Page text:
The use of generic and individual speed thresholds for assessing the competitive demands of field hockey.
Abstract: The current study compared the running demands of professional field hockey players using individualized speed zones and generic default settings of the GPS manufacturer. In addition, the differences in slow, moderate and fast players were studied. Sixteen male players from the same club participated in the study (age: 25.5 ± 2.9 years; body mass: 74.6 ± 5.5 kg; stature 1.77 ± 0.05 m). The peak speed of each participant was established at the end of the data collection period by analyzing all training and playing data throughout the season. Using players peak speed achieved for each participant during the season, individualized speed zones were retrospectively applied to all match-play data. Peak speed was used to categorize players into three groups, slow (5 players: 29.2-30.2 kmꞏh–1), moderate (6 players: 30.7-31.5 kmꞏh–1) and fast (5 players: 32.2-33.7 kmꞏh–1). Significant differences were observed between generic and individual thresholds for the distance covered in moderate, high, and very high-speed running in all positions (p = 0.01). Our findings show that the distances covered at high-speeds in midfielders and forwards were overestimated, while the very high-speed running and sprinting in backs were underestimated. Generic speed thresholds should be used if comparisons between positions is of importance. However, based on the different capacities of field hockey players, individual speed thresholds may be more suitable when addressing the relative stress on individual athletes.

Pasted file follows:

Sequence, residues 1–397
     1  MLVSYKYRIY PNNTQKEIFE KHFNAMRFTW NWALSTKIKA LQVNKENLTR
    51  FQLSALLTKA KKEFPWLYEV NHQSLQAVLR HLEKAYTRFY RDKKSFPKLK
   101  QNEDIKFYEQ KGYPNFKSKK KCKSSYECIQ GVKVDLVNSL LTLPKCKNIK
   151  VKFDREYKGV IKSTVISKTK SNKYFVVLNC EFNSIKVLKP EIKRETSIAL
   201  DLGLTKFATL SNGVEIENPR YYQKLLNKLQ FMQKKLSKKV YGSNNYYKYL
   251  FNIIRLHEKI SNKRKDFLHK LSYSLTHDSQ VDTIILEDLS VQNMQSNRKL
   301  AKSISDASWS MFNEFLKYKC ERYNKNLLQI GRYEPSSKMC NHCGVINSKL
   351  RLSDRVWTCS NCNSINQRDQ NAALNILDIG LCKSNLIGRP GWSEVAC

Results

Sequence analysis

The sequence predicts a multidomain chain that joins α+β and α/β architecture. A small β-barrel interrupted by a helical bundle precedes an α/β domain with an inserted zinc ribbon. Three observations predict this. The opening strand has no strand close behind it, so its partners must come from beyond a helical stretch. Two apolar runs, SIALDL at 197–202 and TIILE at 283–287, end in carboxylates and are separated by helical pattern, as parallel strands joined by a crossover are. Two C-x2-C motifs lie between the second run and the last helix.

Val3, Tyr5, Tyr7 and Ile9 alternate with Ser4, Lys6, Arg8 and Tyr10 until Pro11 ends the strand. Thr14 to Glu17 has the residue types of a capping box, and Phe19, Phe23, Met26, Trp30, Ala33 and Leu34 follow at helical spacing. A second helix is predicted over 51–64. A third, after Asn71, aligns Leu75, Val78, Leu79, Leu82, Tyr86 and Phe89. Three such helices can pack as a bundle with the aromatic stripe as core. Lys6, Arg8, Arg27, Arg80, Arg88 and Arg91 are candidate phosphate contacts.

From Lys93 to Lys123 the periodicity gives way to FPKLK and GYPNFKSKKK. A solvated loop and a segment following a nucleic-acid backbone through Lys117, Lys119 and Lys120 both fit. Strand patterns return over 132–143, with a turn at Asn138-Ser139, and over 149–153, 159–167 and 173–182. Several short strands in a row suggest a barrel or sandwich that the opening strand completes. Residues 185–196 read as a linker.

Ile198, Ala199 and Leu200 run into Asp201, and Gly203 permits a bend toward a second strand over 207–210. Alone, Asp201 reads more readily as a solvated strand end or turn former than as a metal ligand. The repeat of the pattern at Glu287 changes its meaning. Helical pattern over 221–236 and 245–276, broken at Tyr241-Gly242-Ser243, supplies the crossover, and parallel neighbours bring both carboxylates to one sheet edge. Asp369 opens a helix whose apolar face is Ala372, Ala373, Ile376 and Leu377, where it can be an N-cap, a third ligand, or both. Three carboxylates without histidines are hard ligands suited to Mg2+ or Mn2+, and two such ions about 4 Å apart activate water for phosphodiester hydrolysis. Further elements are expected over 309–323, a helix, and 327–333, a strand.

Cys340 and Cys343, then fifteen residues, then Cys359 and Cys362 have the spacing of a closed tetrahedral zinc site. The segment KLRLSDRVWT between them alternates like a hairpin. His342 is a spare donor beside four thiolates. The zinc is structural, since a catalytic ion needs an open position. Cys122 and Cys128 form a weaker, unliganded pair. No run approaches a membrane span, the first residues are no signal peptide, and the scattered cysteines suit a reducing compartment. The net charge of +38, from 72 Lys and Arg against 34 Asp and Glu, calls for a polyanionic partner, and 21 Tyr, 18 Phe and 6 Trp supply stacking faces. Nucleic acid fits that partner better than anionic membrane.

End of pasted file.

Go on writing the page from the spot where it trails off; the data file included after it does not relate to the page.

Universal identifier: http://hdl.handle.net/10641/1479
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